Recently we posted stories about Samsung’s other questionable dealings such as a slush fund to bribe government officials and tax evasion convictions. Is this the type of company we should be giving 7 billion dollars of our tax money to?

“Samsung denies all responsibility, and the Korean government has taken its side by denying compensation and even arresting and detaining the victims’ lawyer!”

Asian Network for the Rights of Occupational Accident Victims

Petition Calling on Samsung to Accept Responsibility for Occupational Deaths and to Provide Safe and Decent Working Conditions Continue reading

Look who Dalton McGuinty has crawled into bed with

The McGuinty Liberals made a undertendered, ½ billion dollar sweetheart deal behind closed doors, against the wishes of his caucus with our tax money.    Samsung has no experience in the wind industry, not even in Korea.  The Auditor General needs to take a closer look at this.

Samsung rocked by bribery investigation   Muttered accusations of bribery, stock manipulation, tax evasion and dirty tricks have always surrounded South Korea’s mighty chaebolThe inquiry follows allegations by one of Samsung’s own legal team that the company had created a 200 billion won slush fund used for bribing government officials.

Samsung chief indicted on tax evasion charge  An extensive and embarrassing investigation of the most iconic industrialist in South Korea has ended with an indictment on tax evasion charges for Lee Kun-hee, the chairman of Samsung.

Wind turbine maker AAER faces uncertain future with second round of layoffs

Dalton is betting on the wind industry with our tax dollars.

Also:  Spain To Shed 2/3 Of Wind Power Jobs By End-2010 -Industry Group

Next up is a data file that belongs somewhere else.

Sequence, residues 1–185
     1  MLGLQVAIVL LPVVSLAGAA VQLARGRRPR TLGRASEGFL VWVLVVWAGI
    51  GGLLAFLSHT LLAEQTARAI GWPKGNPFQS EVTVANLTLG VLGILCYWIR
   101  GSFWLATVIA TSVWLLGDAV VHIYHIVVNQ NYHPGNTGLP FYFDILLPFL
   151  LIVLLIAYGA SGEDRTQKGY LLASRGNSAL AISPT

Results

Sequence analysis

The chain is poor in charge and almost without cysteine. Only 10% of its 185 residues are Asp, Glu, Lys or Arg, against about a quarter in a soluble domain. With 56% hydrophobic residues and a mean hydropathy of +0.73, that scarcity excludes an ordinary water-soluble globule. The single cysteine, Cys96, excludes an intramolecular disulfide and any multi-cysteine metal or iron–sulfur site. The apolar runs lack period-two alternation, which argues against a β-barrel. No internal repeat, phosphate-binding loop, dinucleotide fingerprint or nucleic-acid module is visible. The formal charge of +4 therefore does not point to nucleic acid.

By: Ross Marowits, Canadian Business

MONTREAL – AAER Inc., Canada’s lone manufacturer of large wind turbines, is facing growing headwinds as the alternative energy industry finds it increasingly difficult to finance new energy projects.

In a bid to preserve cash, the Bromont, Que.-based company said Wednesday it will temporarily lay off 28 employees, its second round of job cuts in five months. That follows 34 layoffs among operational and administrative employees announced the end of October.
AAER (TSXV:AAE) did not provide financial details on why it was necessary to lay off the workers, how long it expects them to be out of work, or whether these are new positions being put on layoff.

Company officials didn’t return calls seeking comment. Continue reading

South Korea will build it

By Gary Lamphier, Edmonton Journal

North Americans are dreamers, and for the most part, we seem to like it that way.

We want it all: a pristine environment, wonderful schools and hospitals, cheap gas, great jobs, low taxes, vacuous celebrities to amuse us, and of course, a minimum of dirty, ugly industry. Continue reading

Province should have done more research before signing deal

Owen Sound Sun Times

Ontario Energy Minister Brad Duguid’s rapturous optimism over the Samsung deal raises serious speculation about the McGuinty government’s grasp on reality.

A report from the Rhine-Westphalia Institute for Economic Research one of Germany’s leading independent research institutes comprised of professors from four universities, considers Germany’s experience with renewable energy over the last decade “a cautionary tale of massively expensive environmental and energy policy that is devoid of economic and environmental benefits”.

It warns: other governments “should scrutinize the logic of supporting energy sources that cannot compete on the market in the absence of government assistance”. Continue reading

Deal amounts to an ‘attractive greenwashing’

By Randall Denley, The Windsor Star

The deal had a familiar shape. One partner was a successful international consortium with deep pockets and manufacturing expertise, the other a backward jurisdiction so hungry for jobs that it had to pay the big company what amounts to a bribe to do the deal. The whole thing was arranged directly with the jurisdiction’s leader without the bother of competition. It’s the kind of deal one might expect in the Third World, except that it was Ontario on the Third World side of the equation. Continue reading